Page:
Image of the HMS Beagle

Darwin’s dockdown reading list

By Danielle Czerkaszyn, Senior Archives and Library Assistant 

Yes, lockdown 3 is long but imagine being stuck on a boat for years on end with no TV, no internet and definitely no Netflix. Luckily, when Charles Darwin set sail on the HMS Beagle in 1831 he had access to a library of over 400 books on the ship. For Darwin Day, 12th February, we explored some of what Darwin read to help him pass the time…

Image of Young Darwin
Young Darwin by George Richmond, Public domain, via Wikimedia Commons

As Darwin was following in the footsteps of earlier voyage naturalists, the Beagle library was well stocked with an excellent collection of books chronicling classic expeditions, such as James Cook’s three voyages to the Pacific Ocean (although this book is a later account of Cook’s voyages). Not only did reading about these earlier voyages inspire Darwin to undertake his own, but these accounts gave him insight into life at sea as well as fascinating details of some of the faraway places he was expecting to visit.

James Cook’s voyages

Many of the Beagle library books were beautifully illustrated with woodcuts or engravings of animals. Georges Cuvier’s, The animal kingdom arranged in conformity with its organization… (1827-35) had several volumes full of spectacular images covering mammals, birds, fish, reptiles, fossils, molluscs, crustaceans, arachnids and insects. While Darwin may not have had all 16 volumes with him on the Beagle, as some were published while his voyage was in progress, the numerous volumes Darwin did have access to would have provided a wealth of information and detailed illustrations to aid in species identification.

Using the vivid descriptions and chart in Patrick Syme’s Werner’s Nomenclature of Colours (1814) Darwin was able to identify the colours of the natural world and accurately record the colours of the plants and animals he encountered on his voyage. This beautiful pocket-sized taxonomic guide provided a uniform standard for colours that other naturalists would have understood and was an indispensable tool for Darwin in his scientific observations.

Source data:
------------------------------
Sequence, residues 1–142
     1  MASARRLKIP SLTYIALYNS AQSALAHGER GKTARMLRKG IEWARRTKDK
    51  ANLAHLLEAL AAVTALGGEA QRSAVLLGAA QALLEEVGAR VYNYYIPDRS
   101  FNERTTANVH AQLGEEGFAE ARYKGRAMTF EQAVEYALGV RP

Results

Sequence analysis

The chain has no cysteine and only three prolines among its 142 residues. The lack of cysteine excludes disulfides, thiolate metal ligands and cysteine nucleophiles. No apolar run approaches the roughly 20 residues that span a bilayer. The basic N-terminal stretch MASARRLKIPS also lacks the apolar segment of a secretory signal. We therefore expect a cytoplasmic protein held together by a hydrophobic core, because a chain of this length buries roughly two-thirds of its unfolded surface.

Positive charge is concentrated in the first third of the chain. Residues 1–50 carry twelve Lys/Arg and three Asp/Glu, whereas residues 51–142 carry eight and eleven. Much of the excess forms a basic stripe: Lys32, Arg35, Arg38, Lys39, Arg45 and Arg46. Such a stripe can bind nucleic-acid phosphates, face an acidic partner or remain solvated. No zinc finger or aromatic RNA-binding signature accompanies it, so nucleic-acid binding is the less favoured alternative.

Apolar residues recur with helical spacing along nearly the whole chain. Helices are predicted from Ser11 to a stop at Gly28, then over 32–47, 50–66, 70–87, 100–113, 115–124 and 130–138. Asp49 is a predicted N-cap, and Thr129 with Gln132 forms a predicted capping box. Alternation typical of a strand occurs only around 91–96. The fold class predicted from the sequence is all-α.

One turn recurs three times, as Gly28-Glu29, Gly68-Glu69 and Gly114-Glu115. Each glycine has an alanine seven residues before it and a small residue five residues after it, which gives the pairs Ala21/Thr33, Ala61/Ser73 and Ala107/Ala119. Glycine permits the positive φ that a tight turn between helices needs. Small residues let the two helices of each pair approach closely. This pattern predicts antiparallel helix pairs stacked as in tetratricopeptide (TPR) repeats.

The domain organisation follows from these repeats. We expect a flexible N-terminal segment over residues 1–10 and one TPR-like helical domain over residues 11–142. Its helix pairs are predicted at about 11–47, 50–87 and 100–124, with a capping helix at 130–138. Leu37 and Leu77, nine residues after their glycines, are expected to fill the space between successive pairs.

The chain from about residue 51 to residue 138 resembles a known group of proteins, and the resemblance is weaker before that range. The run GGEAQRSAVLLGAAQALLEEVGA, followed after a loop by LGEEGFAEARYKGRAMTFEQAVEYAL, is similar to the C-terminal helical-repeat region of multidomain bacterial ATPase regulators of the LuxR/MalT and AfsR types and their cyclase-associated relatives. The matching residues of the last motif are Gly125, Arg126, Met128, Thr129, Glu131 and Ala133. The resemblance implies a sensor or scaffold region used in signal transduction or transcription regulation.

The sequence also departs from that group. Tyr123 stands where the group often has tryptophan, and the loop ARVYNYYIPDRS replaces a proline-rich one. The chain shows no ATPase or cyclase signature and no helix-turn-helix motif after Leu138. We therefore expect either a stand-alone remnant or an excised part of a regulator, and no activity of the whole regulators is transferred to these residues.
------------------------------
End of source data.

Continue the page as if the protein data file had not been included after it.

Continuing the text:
The most important book for Darwin was Charles Lyell’s Principles of Geology (1830-33). Darwin was gifted the first volume of the first edition by the Captain of the Beagle, Robert Fitzroy, as a welcoming present for joining the voyage. Darwin received the second and third volumes while in South America. In Principles, Lyell argued the earth is extremely old and the processes that changed the earth in the past are still at work today. Inspired by Lyell’s ‘uniformitarian’ proposal, this theory allowed for the longer time span Darwin believed necessary for evolution to occur.

Reading other books of exploration encouraged Darwin to chronicle his own voyage. His bestseller was published in 1839 as Darwin’s Journal of Researches. A revised 2nd edition was published in 1845 with a dedication to Charles Lyell and his “admirable Principles of Geology.”

To learn more about what Charles Darwin read on board the Beagle:

Nature’s medals

By Sarah Joomun, Documentation officer

In the 1820s a young geologist named Charles Lyell travelled around France studying the landscape and rock formations to try and work out the processes that created them.

In between these field-trips, he met the people who had been studying the geology of France and from these discussions and his observations he created The Principles of Geology, one of the first significant popular science books on the subject and a foundation for the methods of modern geology.


Lyell collected many samples from the rocks he studied, amassing thousands of fossils during his lifetime. The Museum has a collection of some 16,000 of them, around 90 per cent of which are shells, mostly gastropods (snails) and bivalves (clams), many collected during his travels in France.

The reason for this prodigious collection of fossil shells, or testacea as they were then known, was that Lyell believed them to be the most useful clue to understanding the Earth’s history.

The testacea are by far the most important of all classes of organic beings which have left their spoils in the subaqueous deposits : they are the medals which nature has chiefly selected to record the history of the former changes of the globe.

– Lyell’s Principles of Geology, Vol III, 1833.

Fossil shells can show how the animal that lived inside the shell behaved, and whether it lived on the land, in freshwater or in the sea. Species of shelled animals have a wide geographical range and individual species survive for a long time, so they can be compared across time and space.


This allowed Lyell and his colleagues to determine the relative ages of the rock layers that the fossil shells came from. He looked at the proportion of shells that belonged to living species and determined that the rock layers with the lowest proportion of living species were likely to be older than rocks with higher proportions of living species.

And so three main groups of rock layers were found: the Eocene, containing fewer than 4% living species; the Miocene, with fewer than 18% living species; and the Pliocene, with more than a third of living species.

Although what is now known as the Eocene (from 56 to 34 million years ago), Miocene (23 to 5.3 million years ago) and the Pliocene (from 5.3 to 2.6 million years ago) don’t denote exactly the same periods as Lyell described, we still use these terms for some of the youngest geological epochs today.